Me (and my forehead) with Cookie Owens in our softball truck during the parade.

I find myself a wee bit nostalgic today. My hometown of Ashville, Ohio has held a large Fourth of July celebration since 1929 and I’ve been watching many classmates, family, and friends post pictures of the parades and the famous fish fry these past few days. It’s making me incredibly homesick and nostalgic to the point I went through my box of pictures tonight.

I came across a lovely picture of my great Aunt Rosie who passed away April of last year. She was in the very first Miss Ashville Fourth of July pageant in 1951, placing as the first attendant. I saw the pictures of my mom in the ’70s on the hood of a car in her bathing suit with her bouffant on her way to the pageant. I found the picture of my grandmother being driven through the parade a few short years before her death in 2002, being honored by the women’s civic group as a “Distinguished Citizen.” I found the picture when I entered my daughter Taylor into the baby pageant, of which, she sadly didn’t place even though she was the cutest thing there but, of course, I’m biased.

I laughed at the picture my best friend Kecia snapped of me in the flag corps while marching through the parade and I made a rotten face at her when she yelled my name. I became sad at the picture of my dad coming to pluck me off of a float at the end of the parade route – which I didn’t place here because I placed it back in the box as it made me quite sad. (My dad, if you’ve been reading along the past few years might remember, had a couple of strokes and he just isn’t the same as he used to be, so this picture made me think of him in his younger, more vibrant years.) I grinned at the picture of me in the back of a pickup truck with my coach Cookie Owens, who I always remembered because I thought her name was just the coolest EVER, and we tossed out candy to the kids along the parade route. In that same picture of me at about age 6, I saw my grandbaby Mia’s face there within my own, and I saw, quite clearly, that she had, indeed, inherited my unfortunate high forehead.

I can even remember the parade route we marched in high school, starting at the elementary school – we’d muster there and get ready to roll out. We’d get lined up, the flag girls in front of the band, casually twirling our poles as we chatted and waiting for the signal to go. Once it was time to roll out, we’d cut through a side street before heading down Main Street towards my grandparent’s home, winding throughout town like a big old noisy snake, heralded by screaming firetruck sirens, before ending up on the backside of the Ashville Park where the carnival rides whirled in the background and the scent of hot Elephant Ears and greasy fries smacked you in the face.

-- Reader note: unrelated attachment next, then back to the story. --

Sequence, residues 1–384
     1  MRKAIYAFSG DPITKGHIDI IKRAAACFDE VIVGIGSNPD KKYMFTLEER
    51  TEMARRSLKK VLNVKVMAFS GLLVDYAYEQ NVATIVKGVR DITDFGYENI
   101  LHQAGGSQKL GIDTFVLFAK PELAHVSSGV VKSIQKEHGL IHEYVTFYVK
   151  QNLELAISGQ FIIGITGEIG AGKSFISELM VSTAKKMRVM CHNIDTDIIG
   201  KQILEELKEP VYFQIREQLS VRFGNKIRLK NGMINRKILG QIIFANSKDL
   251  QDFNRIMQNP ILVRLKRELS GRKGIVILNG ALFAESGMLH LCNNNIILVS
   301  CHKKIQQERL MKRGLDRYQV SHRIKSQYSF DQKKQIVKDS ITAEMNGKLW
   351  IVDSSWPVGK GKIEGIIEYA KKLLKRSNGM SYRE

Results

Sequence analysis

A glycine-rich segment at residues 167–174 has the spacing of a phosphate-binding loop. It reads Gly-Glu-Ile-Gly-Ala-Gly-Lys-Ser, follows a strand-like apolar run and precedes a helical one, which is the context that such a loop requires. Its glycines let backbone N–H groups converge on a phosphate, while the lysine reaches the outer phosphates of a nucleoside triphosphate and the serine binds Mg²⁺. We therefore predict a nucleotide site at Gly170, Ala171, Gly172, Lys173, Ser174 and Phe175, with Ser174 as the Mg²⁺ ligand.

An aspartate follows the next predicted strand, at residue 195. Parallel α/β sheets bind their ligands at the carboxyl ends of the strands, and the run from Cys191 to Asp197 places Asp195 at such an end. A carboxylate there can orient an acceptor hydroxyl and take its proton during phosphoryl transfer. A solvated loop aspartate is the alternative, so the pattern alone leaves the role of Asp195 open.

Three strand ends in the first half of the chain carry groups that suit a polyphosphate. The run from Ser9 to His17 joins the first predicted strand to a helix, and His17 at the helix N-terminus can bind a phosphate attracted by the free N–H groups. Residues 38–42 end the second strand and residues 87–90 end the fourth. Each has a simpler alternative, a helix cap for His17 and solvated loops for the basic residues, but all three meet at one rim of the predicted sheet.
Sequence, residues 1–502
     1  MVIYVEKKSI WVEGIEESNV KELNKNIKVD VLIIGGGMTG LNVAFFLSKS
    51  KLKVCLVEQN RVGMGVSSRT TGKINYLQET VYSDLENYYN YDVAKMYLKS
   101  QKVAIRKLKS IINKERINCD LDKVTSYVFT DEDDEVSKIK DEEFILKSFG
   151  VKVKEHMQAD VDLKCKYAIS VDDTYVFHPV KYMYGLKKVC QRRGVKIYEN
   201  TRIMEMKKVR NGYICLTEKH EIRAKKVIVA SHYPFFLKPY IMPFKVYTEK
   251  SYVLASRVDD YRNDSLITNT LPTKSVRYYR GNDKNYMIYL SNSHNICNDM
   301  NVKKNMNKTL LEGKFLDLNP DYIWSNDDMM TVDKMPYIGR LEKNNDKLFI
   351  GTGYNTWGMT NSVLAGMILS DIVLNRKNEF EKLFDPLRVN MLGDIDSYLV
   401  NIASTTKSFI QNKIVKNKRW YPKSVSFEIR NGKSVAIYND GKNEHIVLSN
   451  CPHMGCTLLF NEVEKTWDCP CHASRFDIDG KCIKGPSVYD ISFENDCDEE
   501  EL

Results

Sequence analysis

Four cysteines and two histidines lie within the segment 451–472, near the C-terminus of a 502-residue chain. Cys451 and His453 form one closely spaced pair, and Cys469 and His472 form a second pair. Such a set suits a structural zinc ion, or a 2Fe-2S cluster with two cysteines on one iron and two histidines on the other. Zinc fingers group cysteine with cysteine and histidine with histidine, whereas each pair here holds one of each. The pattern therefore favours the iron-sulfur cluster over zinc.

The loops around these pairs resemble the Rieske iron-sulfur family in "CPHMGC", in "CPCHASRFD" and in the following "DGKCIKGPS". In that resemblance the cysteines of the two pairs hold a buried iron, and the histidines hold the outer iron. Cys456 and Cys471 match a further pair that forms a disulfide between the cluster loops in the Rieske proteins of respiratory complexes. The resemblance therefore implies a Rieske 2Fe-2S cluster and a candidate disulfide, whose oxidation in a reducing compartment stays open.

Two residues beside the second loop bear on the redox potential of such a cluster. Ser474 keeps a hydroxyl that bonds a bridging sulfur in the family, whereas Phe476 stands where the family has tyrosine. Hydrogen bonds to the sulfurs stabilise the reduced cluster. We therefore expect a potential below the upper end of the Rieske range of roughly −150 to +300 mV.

There were pictures of me on The Citizens Bank float (where my grandma Clara worked for eons) and that made me think about how practically every Fourth of July, we’d gather at her house on Main Street before the parade, setting up our fold-out chairs along the street, jockeying with our cousins to get a better spot to catch the most candy as the parade went by. After the parade, everyone in the family gathered inside to fill plates with potato salad, deviled eggs, and the likes. I remember grandpa Archie’s cherry pie won an award once during the fair and I was always glad to see it appear on the kitchen table. I happily recalled my grandparents “bobby socking” on the kitchen floor in their socks with my uncle Joe and his wife to some Big Band sounding music from long ago.

I remember going through the fish fry line and seeing my grandpa there with his friends and volunteers, dropping boatloads of white filets and thick french fries into huge, hot vats of oil where they’d bubble and crisp up to make the most delicious sandwiches. I laughed thinking about the front porch swing that broke multiple times under people’s weight and how you’d feel right awful if you were the one that brought it down. (And I was, once.)

I just miss “home” in all its forms and this time of the year always make me yearn to be there for a few days to recapture some of my fond past. Sure, it wouldn’t be the same since my grandparents and Aunt Rosie isn’t there any longer, and their house has since passed to another family, but still… I’d like to go back sometime and see how many fish sandwiches my husband would pummel through and to watch my granddaughter “ooh and ahh” at the firework display. I guess photos will have to do, for now.

Fourth of July Nostalgia
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